Western media got interested in this month’s Lebanese election hoping “their” candidates would win. It became a different story when Hizbullah gained the most, explains As’ad AbuKhalil.
By As`ad AbuKhalil Special to Consortium News
The recent Lebanese parliamentary election generated a lot of publicity in Western media. To be sure, free elections are rare in the Middle East, and Western media get excited over the prospects of success for what they dub as “pro-Western” candidates or coalitions anywhere. Also because foes of Israel and the U.S. were in the running, Western media become automatically invested in the outcome. This time, Western media decided that Hizbullah won “a majority of seats” in the election—as the headline of The Financial Times had it. The results were certainly a blow to Western and Gulf regimes who invest—politically and financially–heavily in Lebanese elections.
We can’t really talk about free elections in the Middle East—or anywhere else in the developing world for that matter. Not because people there don’t want them but essentially because Western governments and Gulf regimes won’t allow it. To be fair, the U.S. is clearly in favor of free elections, but only when the results guarantee a victory for its puppets. Thus, when Hamas won the legislative elections of 2006 (which the U.S. had been insisting on), the U.S. not only refused to recognize the free expressions of the Palestinian people but the U.S. worked on a covert operation to undermine the results and to overthrow Hamas in Gaza.
Historically, the U.S. (among other outside parties, chiefly Gulf regimes) intervened heavily in Lebanese elections through the provision of cash payments to its favored right-wing, anti-communist candidates. For instance, the 1947 election lives on as one of the most corrupt in Lebanese history, and former CIA agent, Wilbur Eveland, wrote about his adventures of driving to the residence of then president, Kamil Sham`un, with a load of cash to ensure that the right-candidates win. But the cash wasn’t really necessary because Sham`un forged the election anyway and arranged for the defeat of his opponents.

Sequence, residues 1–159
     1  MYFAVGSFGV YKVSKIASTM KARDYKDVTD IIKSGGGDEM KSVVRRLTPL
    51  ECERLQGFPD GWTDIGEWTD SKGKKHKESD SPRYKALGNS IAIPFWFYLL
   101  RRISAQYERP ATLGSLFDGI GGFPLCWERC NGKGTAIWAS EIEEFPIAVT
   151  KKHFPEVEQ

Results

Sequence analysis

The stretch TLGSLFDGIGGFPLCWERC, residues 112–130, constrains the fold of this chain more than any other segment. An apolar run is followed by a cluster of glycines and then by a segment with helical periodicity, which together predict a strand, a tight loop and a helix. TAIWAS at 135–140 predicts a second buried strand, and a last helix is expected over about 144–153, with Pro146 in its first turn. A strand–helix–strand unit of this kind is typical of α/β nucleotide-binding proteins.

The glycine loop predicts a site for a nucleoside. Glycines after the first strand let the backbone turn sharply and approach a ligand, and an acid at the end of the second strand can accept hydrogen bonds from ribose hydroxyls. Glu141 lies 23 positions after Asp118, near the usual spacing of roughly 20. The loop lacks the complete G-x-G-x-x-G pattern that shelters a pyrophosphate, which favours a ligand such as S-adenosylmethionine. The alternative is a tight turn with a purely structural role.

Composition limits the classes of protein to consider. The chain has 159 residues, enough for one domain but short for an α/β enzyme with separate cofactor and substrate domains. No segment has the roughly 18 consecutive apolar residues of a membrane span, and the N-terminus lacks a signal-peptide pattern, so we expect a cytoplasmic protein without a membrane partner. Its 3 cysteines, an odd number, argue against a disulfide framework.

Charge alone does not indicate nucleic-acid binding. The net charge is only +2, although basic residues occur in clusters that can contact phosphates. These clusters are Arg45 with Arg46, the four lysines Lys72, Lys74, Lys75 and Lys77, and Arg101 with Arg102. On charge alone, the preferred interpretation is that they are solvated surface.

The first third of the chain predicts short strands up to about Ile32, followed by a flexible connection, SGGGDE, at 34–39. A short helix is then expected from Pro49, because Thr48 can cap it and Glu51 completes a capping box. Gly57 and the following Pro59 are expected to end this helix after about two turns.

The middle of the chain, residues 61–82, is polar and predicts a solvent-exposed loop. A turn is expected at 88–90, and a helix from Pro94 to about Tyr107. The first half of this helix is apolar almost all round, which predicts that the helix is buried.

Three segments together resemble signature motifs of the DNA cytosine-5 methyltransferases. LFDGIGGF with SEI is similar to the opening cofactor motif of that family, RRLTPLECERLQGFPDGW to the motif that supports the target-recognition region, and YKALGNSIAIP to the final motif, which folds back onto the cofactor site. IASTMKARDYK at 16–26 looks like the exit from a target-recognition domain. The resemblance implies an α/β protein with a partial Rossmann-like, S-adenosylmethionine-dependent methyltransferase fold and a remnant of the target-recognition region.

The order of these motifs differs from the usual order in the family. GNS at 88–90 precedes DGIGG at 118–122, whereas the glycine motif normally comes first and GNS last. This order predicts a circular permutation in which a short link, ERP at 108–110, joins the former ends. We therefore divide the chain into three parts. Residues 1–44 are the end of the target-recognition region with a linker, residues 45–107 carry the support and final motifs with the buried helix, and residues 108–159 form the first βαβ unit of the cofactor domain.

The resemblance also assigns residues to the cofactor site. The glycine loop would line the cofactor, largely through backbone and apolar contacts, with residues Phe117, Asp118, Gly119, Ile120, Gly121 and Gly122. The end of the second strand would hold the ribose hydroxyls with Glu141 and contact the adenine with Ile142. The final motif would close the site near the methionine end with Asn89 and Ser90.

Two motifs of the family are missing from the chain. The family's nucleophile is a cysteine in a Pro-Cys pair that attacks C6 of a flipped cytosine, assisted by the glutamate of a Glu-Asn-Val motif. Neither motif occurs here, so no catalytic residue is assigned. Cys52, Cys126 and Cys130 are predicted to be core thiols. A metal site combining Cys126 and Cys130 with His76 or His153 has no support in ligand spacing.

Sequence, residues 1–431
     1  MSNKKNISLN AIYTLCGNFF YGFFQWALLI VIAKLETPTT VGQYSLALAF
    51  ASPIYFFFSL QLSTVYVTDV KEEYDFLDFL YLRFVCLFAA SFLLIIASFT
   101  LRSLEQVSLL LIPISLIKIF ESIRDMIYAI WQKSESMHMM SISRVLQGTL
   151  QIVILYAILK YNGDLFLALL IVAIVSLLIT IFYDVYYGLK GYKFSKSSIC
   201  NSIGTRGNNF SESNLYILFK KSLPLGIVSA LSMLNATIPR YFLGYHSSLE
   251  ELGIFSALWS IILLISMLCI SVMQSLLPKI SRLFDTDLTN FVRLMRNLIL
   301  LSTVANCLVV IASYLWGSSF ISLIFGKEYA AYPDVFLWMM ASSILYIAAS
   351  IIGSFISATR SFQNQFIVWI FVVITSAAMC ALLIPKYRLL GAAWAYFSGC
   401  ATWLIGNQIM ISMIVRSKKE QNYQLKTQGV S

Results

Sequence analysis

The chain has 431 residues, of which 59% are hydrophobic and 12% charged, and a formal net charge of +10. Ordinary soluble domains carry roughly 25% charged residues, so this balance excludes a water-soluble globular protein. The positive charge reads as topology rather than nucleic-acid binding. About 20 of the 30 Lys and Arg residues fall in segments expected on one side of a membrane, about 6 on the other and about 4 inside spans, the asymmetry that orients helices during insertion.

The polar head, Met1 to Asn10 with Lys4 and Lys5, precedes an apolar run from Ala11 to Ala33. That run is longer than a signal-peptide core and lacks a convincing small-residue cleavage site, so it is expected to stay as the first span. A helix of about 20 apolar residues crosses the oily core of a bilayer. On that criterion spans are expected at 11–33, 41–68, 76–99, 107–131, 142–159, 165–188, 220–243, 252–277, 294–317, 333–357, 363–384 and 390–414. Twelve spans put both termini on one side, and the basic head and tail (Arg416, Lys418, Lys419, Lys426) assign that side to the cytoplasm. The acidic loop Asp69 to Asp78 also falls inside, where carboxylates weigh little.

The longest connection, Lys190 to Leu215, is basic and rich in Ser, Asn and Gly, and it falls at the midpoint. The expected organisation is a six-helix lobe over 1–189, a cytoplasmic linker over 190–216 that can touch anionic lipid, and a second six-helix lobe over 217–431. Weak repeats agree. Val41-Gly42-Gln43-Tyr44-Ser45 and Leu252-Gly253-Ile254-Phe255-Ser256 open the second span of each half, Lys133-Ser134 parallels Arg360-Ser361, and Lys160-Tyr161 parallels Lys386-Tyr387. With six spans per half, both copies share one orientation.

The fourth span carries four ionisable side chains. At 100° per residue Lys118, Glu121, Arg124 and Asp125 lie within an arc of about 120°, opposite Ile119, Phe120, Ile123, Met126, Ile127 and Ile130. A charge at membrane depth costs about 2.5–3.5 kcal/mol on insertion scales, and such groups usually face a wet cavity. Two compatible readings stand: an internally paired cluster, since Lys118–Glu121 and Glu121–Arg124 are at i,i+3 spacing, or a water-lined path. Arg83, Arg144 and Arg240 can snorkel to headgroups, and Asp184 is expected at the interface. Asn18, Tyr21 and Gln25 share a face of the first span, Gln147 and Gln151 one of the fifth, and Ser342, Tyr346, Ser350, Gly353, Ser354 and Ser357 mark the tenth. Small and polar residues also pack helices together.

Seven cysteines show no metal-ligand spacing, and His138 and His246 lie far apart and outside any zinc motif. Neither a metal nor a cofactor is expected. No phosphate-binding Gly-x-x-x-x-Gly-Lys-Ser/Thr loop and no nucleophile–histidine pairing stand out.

In 1968, the U.S. was most likely behind the rise of the far-right coalition of “the tripartite alliance,” which included the Phalanges, who swept through the election and, in few years, would—with U.S. help—trigger the Lebanese civil war. (New U.S. archival materials show the extremely close relations between those parties and U.S. and Israel).
But the U.S. and Saudi Arabia surpassed all previous foreign intervention in Lebanon in the 2009 election, when they threw close to a $1 billion to sway the vote on the side of the March 14 coalition, which included the Muslim Brotherhood and right-wing groups—all dubbed “pro-Western” by U.S. media. The victor was arranged although the election was very close: no one side was able to rule without veto power by the other side.
In this election, the Saudis didn’t spend as much as previously probably because they thought it wouldn’t much difference since a new electoral system had changed the rules. But Western and Gulf governments convened a special economic conference in Paris to prop up the leadership of Sa`d Hariri, who claimed in the wake of the conference that he would be create no less than 900,000 jobs.
Elections in ‘Democracies’
Elections in democratic political systems are merely some of the people selecting representatives who speak on behalf of “all the people.” The propaganda about the virtue of elections is highly exaggerated in order to provide the political system with much more political legitimacy than warranted.
In the U.S., there is still a clear agenda to suppress wide political participation. The U.S. is one of the few countries in the world which holds the vote on a working day—and in the winter where much of the East coast is buried under rain and snow. Furthermore, the U.S. requires voter registration, when most democracies don’t. The low voter turnout in the U.S. is by design, and not by default. If the U.S. were to adopt a proportional representation system—which both parties won’t allow because they enjoy holding the exclusive monopoly over political representation—voter turnout would increase. Most world democracies have—at least partially or at some level—adopted proportional representation.